Pinterest, the Pandemic

What was the last thing you pinned? Are you pinning? If you’re an 18-45 year old woman, of course you are… at least according to my extremely scientific research. For those still not hip to this new-ish social media outlet, Pinterest is basically a way to create “inspiration” or idea boards, linking each pin back to the original source (although there seems to be some possible legal issues about this). I joined in August 2011 after exploring the various boards for a while and deciding that creating my boards could be rather useful. Little did I know that I would make it my third most visited site, right after Facebook and my Gmail inbox.

When I joined Pinterest, I thought it was great — don’t get me wrong, I still think it’s great, but it’s just… different now. Last summer, I was one of around 1.8 million users, which means I was cool before pinning a photo and simply captioning it “This.” was cool. The latest info I can find counts about 11 million users for the site, and that’s from January, so it’s more likely to be around 14 million now. That infographic backs up my super scientific research that most Pinterest users are women, but I was slightly off on the ages: while only6% of the Pinners are between the ages of 18-24, most users are between 25 and 54 years old… which actually surprises me a little bit… While exploring the boards and clicking around, I was introduced to products, useful tips, and design ideas I never would have come across otherwise. Unfortunately, this pandemic-style growth of Pinterest has given me a few pin-related pet peeves.

1. You have to wade through a lot of lame pins to find something cool because you can’t narrow your interests.

You just have to face it, Sam. Our group is Frodo-centric. If it were a town, it would be Frodoville. If it were an Islamic nation — Frodostan.

I cringe every time I see the pins with wedding attire featuring camouflage and hunting orange details. Same goes for the “hillbilly wineglasses” made of Mason jars and short glass candle sticks. While those are probably fantastic for some bride-to-be, that’s all just… no. No, thank you. I wish it was easier to limit the types of pins you see by your interests. I love arts and crafts/DIY, but I’m so tired of seeing crochet and quilting pins. Nice for someone else, absolutely useless to me. I think it’s fantastic that Pinterest can be such a great resource to my friends who teach elementary education, but to be quite honest, I’ve had to unfollow all of the boards with different learning or activity centers and the like. Not my thing, either.  But, being able to pick and choose particular boards of a single user instead of having to follow everything works for me.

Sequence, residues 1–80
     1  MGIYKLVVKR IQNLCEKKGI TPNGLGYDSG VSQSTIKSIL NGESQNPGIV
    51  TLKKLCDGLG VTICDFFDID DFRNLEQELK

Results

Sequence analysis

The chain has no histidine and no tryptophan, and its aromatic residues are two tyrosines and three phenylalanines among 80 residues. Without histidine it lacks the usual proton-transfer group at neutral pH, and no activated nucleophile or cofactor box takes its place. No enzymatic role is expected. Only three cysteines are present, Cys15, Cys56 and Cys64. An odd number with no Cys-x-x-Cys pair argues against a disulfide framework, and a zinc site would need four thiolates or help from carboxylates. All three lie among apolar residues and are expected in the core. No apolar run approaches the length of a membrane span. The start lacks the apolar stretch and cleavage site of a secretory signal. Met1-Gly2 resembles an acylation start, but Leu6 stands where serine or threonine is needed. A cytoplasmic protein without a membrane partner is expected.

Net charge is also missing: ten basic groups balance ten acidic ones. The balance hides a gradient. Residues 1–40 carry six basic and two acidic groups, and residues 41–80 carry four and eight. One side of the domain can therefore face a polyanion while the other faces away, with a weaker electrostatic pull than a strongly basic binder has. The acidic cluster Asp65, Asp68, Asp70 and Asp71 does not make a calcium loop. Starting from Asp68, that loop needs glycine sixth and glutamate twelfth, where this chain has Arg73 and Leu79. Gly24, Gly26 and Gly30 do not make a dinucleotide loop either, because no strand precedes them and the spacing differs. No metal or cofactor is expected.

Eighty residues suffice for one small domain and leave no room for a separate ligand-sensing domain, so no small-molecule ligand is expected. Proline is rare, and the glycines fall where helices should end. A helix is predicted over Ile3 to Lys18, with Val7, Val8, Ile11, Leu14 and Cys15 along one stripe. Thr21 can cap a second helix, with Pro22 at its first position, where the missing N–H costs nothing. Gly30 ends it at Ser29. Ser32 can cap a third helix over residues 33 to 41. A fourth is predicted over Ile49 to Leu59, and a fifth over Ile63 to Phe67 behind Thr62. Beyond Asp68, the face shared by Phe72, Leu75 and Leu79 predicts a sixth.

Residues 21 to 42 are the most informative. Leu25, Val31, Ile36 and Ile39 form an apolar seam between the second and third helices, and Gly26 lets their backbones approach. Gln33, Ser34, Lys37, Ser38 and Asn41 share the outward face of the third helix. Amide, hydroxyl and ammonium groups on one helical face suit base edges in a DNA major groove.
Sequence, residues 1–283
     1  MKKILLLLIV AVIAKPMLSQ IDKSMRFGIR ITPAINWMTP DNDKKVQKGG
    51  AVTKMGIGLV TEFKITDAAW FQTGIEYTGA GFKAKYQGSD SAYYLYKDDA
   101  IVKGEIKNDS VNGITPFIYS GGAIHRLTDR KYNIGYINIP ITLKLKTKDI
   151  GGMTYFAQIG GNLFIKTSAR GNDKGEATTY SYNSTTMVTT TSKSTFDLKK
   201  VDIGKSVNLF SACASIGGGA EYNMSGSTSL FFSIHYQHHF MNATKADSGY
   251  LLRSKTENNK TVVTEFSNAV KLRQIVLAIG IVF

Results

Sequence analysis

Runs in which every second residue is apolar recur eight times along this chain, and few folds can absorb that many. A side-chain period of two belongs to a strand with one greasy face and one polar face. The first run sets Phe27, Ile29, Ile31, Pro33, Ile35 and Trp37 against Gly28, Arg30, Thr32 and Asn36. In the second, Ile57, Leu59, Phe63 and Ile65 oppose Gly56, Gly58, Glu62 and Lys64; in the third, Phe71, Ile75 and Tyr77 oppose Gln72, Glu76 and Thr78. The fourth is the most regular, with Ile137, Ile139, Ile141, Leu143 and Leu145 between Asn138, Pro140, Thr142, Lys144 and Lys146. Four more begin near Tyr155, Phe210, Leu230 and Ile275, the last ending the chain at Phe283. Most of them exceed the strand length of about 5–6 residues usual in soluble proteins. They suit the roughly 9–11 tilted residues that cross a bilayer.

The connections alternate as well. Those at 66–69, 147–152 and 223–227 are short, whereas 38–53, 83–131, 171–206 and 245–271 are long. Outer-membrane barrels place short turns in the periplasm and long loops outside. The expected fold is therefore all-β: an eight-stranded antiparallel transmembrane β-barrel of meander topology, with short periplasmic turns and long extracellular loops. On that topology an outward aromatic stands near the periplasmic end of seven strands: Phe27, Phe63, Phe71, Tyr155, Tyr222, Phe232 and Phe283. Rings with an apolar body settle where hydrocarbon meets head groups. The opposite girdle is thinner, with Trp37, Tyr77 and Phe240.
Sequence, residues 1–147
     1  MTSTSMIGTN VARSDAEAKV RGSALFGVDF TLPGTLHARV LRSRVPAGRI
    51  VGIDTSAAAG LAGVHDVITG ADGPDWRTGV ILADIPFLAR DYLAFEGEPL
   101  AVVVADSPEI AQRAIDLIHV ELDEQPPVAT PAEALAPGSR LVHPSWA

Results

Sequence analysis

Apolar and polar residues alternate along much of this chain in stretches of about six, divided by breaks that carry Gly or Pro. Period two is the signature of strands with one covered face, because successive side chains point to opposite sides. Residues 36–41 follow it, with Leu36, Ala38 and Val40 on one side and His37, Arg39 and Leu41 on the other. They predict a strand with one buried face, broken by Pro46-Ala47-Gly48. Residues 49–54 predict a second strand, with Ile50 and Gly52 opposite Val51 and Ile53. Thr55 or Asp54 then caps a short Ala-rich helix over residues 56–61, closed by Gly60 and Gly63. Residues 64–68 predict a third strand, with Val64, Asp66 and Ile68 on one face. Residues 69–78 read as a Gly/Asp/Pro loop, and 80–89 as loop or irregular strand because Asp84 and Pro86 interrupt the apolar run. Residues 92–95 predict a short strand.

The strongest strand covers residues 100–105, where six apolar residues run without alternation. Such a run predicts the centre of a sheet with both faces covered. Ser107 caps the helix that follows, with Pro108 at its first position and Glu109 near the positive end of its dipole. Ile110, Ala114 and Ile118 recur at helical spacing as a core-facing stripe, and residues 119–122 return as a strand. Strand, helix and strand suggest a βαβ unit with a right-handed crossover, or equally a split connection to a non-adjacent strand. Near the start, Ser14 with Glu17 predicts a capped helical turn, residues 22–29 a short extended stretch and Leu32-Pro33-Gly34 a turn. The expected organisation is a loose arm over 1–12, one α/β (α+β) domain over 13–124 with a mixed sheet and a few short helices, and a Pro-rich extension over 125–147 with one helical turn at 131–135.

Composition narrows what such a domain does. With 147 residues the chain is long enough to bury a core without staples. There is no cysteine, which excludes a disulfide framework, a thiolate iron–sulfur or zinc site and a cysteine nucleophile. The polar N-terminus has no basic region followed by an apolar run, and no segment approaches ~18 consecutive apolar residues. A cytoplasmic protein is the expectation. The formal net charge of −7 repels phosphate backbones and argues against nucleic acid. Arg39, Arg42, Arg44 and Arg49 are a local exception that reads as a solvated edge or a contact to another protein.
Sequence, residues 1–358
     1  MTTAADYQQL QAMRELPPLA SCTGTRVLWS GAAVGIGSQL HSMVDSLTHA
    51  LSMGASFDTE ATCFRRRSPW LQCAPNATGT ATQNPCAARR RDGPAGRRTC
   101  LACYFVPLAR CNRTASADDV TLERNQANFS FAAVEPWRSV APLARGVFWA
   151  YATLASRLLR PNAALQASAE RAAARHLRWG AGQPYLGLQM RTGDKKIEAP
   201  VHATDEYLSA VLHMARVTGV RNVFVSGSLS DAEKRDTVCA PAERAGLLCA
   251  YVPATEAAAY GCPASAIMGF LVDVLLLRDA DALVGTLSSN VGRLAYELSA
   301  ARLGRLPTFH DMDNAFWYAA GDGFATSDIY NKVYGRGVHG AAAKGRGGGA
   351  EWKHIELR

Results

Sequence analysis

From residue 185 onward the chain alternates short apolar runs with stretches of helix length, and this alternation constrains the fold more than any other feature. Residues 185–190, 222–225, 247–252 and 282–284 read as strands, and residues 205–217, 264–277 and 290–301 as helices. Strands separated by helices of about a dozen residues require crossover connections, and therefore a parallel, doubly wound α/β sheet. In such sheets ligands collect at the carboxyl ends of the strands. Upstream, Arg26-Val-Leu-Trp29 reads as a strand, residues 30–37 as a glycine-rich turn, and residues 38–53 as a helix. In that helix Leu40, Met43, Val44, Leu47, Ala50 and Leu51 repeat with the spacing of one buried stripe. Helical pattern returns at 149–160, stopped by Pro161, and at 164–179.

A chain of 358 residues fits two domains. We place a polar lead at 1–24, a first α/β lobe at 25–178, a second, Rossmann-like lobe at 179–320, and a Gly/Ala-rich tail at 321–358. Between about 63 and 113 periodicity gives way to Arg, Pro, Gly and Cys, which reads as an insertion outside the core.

2. Anyone can follow you, and people treat it like Facebook. 

Here are some penguins. Ladies love penguins.

I’m flattered that people are interested in what I’m pinning, or like what I’ve pinned/repinned enough that they post it on their own boards. Still, I kind of wish I could block people. Pinterest is not Facebook,  and unless you’re one of those Facebook friend padders who adds random people you see, there’s an even greater chance that you don’t actually know the people with whom you’re connected. However, I don’t feel the need to connect with every person I know across every social media outlet I utilize. You follow someone because you tend to like the things they’re posting, not because you had 7th period English together in high school. It’s not about who has the most followers, unless there is a really sad “most followers on Pinterest” contest of which I’m not aware. Then you get into the Pinterest flame wars, fights between users started about the content or image of the pin that usually stray away from the original topic within 10 comments. Has no one ever told them that when you fight about something online, no one wins?